Once a team starts to perform, it must be constantly be encouraged to reach new heights. A constant encouragement is needed to sustain the morale and self-confidence. Typically, once a team or even a team member is made aware of his/their capabilities, they would like to improve on it. Therefore a leader should create adequate opportunities for the team/individual to improve. Ideally, one should come up with a development plan to help each individual improve and reach a new level. Such a constant encouragement to improve will do wonders to the team performance.

Closing Thoughts
Leaders play myriad roles, keeping up the morale & self-confidence is one of them. The team which keeps it head held high even during tough times is more likely to perform better than the rest. The process of building self-confidence is a very rewarding one, the process invariably also increases the self-confidence & morale of the leaders as well, so it is time well invested.

Thursday, January 15, 2009

Leadership during Tough Times – Cash & Customers

Business Guru Ram Charan in his latest book “Leadership in the Era of Economic Uncertainty: The New Rules for Getting the Right Things Done in Difficult Times” has extolled the importance of cash & cash management during tough economic times.

Apart from Cash, there is one more key component for success during tough times – customers. Put together, I call it “Focus on Cash & Customers as the key to success”.

Cash is king. No doubt about it. Without customers, there will be no cash and without cash, company will die. Thus the mantra ““Focus on Cash & Customers as the key to success”.

Many companies have lost their entrepreneurial sprit

All businesses are stated by entrepreneurs who have a definite idea of meeting the customer needs and know how to make money by doing so. Entrepreneurs always have their minds & hearts set on creating customer satisfaction profitably. As a startups the founders know the importance of cash and they tend to have a maniacal focus on cash.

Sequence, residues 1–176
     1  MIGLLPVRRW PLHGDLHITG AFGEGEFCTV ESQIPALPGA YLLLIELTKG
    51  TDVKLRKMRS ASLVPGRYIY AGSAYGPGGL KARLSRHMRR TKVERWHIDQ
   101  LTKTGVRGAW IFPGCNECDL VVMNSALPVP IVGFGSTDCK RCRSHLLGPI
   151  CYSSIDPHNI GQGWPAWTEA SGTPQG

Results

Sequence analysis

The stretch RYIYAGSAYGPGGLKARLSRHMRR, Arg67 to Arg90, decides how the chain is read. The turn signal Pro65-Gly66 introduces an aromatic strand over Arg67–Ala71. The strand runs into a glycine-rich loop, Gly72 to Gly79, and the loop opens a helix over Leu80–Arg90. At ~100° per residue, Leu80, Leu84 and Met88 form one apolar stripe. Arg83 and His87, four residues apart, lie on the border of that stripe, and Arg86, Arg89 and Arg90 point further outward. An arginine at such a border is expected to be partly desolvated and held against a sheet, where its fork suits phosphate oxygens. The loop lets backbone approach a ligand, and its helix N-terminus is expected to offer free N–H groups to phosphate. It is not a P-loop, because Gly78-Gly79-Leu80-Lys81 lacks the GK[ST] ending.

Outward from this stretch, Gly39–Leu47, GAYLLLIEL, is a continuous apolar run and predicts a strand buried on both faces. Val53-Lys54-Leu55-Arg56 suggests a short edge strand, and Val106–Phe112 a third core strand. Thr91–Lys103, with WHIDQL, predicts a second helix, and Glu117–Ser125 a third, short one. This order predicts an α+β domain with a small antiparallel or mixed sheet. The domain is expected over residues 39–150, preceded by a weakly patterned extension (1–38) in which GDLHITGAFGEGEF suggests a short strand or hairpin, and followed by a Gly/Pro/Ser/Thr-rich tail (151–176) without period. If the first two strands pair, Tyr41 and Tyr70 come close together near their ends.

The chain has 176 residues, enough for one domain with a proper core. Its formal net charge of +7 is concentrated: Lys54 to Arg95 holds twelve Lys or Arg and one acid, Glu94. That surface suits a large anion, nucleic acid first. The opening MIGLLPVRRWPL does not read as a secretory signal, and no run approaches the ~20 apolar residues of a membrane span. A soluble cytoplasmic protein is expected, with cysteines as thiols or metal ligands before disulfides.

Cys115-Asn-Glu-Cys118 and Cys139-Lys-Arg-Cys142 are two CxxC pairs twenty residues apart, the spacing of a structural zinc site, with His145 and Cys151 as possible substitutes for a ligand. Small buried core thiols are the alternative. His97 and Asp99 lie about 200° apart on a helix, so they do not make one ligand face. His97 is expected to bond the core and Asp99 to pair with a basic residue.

As the company grows, the need for capital increase, which forces the company to seek outside investments. The new investors have different objectives than the original entrepreneurs. Thus slowly the founders make way for professional management. Thus with growth, companies tend to lose its entrepreneurial shine. Focus on customer gets replaced by focus on Wall Street. Focus on cash gets replaced by focus on EPS.

During tough economic times, companies that have a close connection to customers are the ones that survive and those companies that can focus on cash and the customer will thrive.

To illustrate take a look at some of the struggling companies today: Nortel, Mervyn’s & Motorola. If these companies were to disappear tomorrow, not many would shed a tear. For most customers, these vendors have become irrelevant. This is a real case of losing customer focus and thus stumbling for a big fall.

On the other hand look at Apple, Intel, Wal-Mart, & Costco. These companies have lots of loyal customers and customers feel the need for these vendors.

Basics of Business

To understand the importance of Cash & customers, one need not go to fancy B-school. Even running a corner coffee shop will teach this basic lesson.

Years ago, I knew a businessman whose nickname was “Cash”. He ran a small business (roughly ~$1-2 million) of supplying computer parts/peripherals in Bangalore. Given this of business, most of the sales was on credit – thus putting an enormous strain on this working capital. As I knew him well, he shared his thoughts on the business. At all points of time, he exactly knew his cash position, his cash requirements for the week, and the expected cash flow for the week. He also knew which customer owed him how much and when to approach the customer for the cash. His maniacal focus on cash led to the nick name “Cash”.

In today’s Wall Street driven companies, I have not seen such an entrepreneurial focus either on customers or cash. Managers in these large companies are more focused on process (rather than customer interests), managers are driven by different sets of expectations – net sales, product development, efficient operations etc. Thus losing focus on the basics of business.